Is OLED the right TV to replace an aging plasma set? (Week 29, 2022)

Sound Advice
By Don Lindich

Week 29, 2022

Q. We have a 2011 Insignia 720p plasma TV that has served us very well. We went with plasma for the superior off-center viewing qualities compared to the LED-LCD TVs available at the time. Over 50% of our TV watching is from a 40-45 degree angle. Given this, off-center picture quality is critically important to us and in addition, in my opinion the overall picture quality is (or shall I say was) better than other technologies. Unfortunately, the HDMI port is getting fussy and sometimes I need to wiggle the cable plug to get a clear signal. I know plasma is long gone, so here is my question. Should I get the port repaired, or have TVs of today improved their off-angle viewing to meet or exceed my old plasma? If I get a new TV, what should I buy?

-J.W., Walnut Creek, CA

A. I doubt that repairing an 11-year-old Insignia television is possible, and even if it is it is likely to be very expensive given the labor hours involved. Your old plasma TV can still be useful, though. The antenna connection will be unaffected by the unreliable HDMI port, so you can connect an antenna and use the TV to watch over-the-air broadcasts. That said, I think it is time to look for a new television.

While LED-LCD sets have improved, they still do not match plasma for off-center viewing. Plasma televisions have self-illuminating pixels where each pixel is energized to create its own light. That is the ultimate for viewing off the center axis.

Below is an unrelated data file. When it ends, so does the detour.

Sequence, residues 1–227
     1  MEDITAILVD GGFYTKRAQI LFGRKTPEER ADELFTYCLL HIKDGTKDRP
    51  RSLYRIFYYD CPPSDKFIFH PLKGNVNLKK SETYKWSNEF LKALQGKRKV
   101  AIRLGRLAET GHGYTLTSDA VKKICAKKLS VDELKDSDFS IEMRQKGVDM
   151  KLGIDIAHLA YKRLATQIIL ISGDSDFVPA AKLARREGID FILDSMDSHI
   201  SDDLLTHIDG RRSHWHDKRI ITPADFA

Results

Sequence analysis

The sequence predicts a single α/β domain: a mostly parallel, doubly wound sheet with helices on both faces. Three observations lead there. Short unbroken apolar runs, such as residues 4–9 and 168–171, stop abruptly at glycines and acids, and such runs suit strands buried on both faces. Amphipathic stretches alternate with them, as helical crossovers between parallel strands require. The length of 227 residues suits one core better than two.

The true successor to plasma television is OLED. OLED also uses self-illuminating pixels and has the best flat-panel TV picture quality on the market. Unfortunately this comes at higher prices than comparable LED-LCD televisions, and with the potential of screen burn-in. OLED seems to be even more susceptible to burn-in than plasma ever was, though it is reportedly getting better. OLED proponents say the risks are overblown, but the fact remains that the manufacturer warranties do not cover burn-in and I have seen it manifested in quite a few sets on display in stores. I know that many households spend their evening tuned in to the same news channel for hours on end, and that is just the kind of thing that can get a channel identification bug burned into your screen.

Despite the higher prices and the burn-in caveat, I think an OLED TV is the best choice for you given the importance of off-center viewing in your household. You have to spend a bit more and be careful to avoid burn in, but you will be rewarded with a gorgeous picture, with very high sharpness, rich colors and deep, velvety blacks.

You can now get a nice OLED television from LG or Sony starting at around $1,000, which not all that long ago was an unthinkably low price for OLED technology. The off-center viewing king is the new line of Samsung QD-OLED televisions. These sets have the best viewing angles in the industry due to their special panel design, which uses quantum dots for color like their QLED sets. I have owned two Samsung plasma televisions, one that is almost 16 years old and one that is 9 years old. Both still work perfectly and look great, with nary a hint of burn-in. Hopefully Samsung OLEDs are just as exceptional! I just received a Samsung QD-OLED television to review and will report more about it soon.